A new study, called the largest of its kind to date, has found that taller people run an increased risk of certain diseases and a lower risk for others.
Published on Thursday in the journal PLOS Genetics, the study used data from the U.S. Veterans Affairs Million Veteran Program, which includes genetic and health information from more than 222,000 white adults and more than 58,000 Black adults. The study looked at more than 1,000 conditions and traits.
The researchers say their results confirm previous findings linking greater height to an increased risk of atrial fibrillation, an irregular and often rapid heart rhythm that can lead to blood clots in the heart, and varicose veins, but a lower risk of coronary heart disease, high blood pressure and high cholesterol.
Their work also found new associations between being taller and risk for peripheral neuropathy, caused by damage to nerves located outside of the brain and spinal cord, in addition to skin and bone infections such as leg and foot ulcers.
“Using genetic methods applied to the VA Million Veteran Program, we found evidence that adult height may impact over 100 clinical traits, including several conditions associated with poor outcomes and quality of life,” said Sridharan Raghavan from the Rocky Mountain Regional VA Medical Center, who led the study.
Due to their work, the researchers say height may be a previously unrecognized risk factor for several common conditions.
However, they add that more studies, with a potentially larger and more diverse international population, are needed to clarify associations with some diseases.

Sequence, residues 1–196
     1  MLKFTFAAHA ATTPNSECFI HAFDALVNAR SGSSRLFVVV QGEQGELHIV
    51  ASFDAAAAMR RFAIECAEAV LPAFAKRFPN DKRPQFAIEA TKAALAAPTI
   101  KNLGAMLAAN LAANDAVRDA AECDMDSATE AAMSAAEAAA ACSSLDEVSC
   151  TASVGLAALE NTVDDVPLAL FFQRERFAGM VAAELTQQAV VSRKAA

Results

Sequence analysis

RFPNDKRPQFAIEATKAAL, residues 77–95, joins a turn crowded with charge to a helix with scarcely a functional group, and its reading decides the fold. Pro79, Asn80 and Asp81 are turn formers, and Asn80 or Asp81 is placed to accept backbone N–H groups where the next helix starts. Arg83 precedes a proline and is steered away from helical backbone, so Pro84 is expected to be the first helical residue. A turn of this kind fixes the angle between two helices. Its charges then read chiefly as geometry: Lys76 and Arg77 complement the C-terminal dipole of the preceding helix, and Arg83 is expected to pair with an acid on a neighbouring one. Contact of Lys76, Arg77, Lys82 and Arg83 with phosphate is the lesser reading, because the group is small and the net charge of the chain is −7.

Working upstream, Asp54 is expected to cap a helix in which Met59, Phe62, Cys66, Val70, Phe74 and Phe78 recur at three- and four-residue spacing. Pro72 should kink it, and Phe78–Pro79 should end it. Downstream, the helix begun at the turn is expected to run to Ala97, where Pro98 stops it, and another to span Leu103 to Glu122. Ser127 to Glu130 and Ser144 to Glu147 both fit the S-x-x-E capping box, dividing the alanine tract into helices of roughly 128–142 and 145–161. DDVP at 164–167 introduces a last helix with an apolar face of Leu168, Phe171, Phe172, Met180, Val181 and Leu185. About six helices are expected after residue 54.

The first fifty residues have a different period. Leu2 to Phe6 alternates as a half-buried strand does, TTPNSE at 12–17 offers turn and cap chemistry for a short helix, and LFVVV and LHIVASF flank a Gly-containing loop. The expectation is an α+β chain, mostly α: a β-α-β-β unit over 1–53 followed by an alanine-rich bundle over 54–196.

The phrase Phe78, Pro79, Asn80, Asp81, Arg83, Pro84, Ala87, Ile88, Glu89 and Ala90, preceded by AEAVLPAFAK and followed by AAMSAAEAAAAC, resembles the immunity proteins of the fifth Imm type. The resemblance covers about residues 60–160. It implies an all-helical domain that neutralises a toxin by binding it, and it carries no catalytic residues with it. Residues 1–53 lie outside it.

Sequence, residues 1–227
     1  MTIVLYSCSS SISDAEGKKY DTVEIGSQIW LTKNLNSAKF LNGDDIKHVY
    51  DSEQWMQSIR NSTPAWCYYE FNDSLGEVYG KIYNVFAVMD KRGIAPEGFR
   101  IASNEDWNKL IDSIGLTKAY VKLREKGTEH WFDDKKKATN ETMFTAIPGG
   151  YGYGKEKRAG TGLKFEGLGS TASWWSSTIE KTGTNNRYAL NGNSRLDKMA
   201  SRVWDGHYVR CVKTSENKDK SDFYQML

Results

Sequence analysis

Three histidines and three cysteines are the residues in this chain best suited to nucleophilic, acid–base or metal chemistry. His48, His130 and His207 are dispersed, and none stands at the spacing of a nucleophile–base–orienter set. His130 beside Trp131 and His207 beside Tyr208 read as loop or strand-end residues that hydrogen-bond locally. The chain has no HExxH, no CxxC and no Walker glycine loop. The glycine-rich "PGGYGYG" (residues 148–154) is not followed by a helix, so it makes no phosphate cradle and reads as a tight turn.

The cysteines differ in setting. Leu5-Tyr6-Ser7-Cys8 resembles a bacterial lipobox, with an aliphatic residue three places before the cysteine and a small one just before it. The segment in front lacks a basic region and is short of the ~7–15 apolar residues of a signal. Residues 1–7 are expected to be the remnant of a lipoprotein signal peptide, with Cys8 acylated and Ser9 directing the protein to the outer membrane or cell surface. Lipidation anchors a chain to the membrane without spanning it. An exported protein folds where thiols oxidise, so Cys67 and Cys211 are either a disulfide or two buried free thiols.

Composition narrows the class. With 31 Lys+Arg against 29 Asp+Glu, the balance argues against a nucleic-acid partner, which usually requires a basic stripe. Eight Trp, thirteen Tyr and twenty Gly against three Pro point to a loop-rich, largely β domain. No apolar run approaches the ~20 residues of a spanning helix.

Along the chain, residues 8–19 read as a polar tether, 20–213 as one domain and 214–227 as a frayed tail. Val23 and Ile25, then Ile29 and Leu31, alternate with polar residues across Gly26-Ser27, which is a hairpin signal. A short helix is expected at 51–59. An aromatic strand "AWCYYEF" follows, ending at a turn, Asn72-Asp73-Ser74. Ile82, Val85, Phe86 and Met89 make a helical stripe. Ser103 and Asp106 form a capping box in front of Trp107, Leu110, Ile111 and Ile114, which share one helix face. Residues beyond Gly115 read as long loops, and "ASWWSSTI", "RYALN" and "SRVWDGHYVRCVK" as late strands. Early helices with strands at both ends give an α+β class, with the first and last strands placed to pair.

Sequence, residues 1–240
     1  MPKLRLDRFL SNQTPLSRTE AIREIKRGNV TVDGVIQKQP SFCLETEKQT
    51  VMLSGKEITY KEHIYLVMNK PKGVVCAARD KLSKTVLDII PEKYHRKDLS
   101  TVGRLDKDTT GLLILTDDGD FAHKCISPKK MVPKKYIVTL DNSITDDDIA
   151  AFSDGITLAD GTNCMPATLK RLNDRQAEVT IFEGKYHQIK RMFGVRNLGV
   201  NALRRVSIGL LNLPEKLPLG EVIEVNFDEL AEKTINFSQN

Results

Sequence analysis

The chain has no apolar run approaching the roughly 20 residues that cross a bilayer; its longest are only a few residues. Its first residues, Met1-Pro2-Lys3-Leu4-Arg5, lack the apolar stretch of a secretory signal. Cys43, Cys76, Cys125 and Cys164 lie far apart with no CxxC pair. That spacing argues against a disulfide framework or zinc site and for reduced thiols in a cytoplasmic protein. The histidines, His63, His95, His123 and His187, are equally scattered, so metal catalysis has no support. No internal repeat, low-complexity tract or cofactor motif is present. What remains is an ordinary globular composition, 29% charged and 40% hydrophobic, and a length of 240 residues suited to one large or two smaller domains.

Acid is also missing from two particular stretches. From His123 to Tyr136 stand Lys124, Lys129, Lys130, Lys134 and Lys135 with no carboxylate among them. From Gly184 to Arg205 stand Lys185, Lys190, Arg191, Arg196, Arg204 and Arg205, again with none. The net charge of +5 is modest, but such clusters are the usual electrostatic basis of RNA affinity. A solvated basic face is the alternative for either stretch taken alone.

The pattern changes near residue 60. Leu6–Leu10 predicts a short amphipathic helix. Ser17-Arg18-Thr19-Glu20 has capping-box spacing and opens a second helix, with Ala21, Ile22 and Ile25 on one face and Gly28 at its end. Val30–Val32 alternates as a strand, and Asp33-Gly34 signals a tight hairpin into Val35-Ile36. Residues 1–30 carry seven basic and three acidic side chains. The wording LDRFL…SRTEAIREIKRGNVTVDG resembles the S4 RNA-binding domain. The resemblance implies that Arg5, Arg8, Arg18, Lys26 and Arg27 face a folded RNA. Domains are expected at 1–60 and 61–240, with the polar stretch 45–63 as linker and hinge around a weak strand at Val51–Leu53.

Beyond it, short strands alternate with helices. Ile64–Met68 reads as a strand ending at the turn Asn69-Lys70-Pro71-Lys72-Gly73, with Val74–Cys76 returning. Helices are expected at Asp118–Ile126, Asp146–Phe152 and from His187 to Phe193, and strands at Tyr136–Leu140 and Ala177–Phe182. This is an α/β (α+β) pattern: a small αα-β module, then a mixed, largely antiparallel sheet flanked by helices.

The researchers say height has been associated with multiple conditions, including heart disease and cancer, but scientists have struggled to determine whether being tall or short actually puts a person at risk or if other factors such as nutrition and socioeconomic status are at fault.
In an attempt to remove these factors, the researchers looked separately at connections between various diseases and a person’s actual height, as well as connections to their predicted height based on genetics.
That being said, they say they can’t exclude the possibility that socioeconomic status is a factor, given previous studies have associated genetically-estimated height with income and socioeconomic status, particularly in men.
The sample, while large, also may not represent the general U.S. adult population as American veterans in the study are mostly older males, with a higher prevalence of common chronic conditions such as diabetes and cardiovascular disease, the study says.
“Taken together, we conclude that height may be an under recognized non-modifiable risk factor for a wide variety of common clinical conditions that may have implications for risk stratification and disease surveillance,” the study says.
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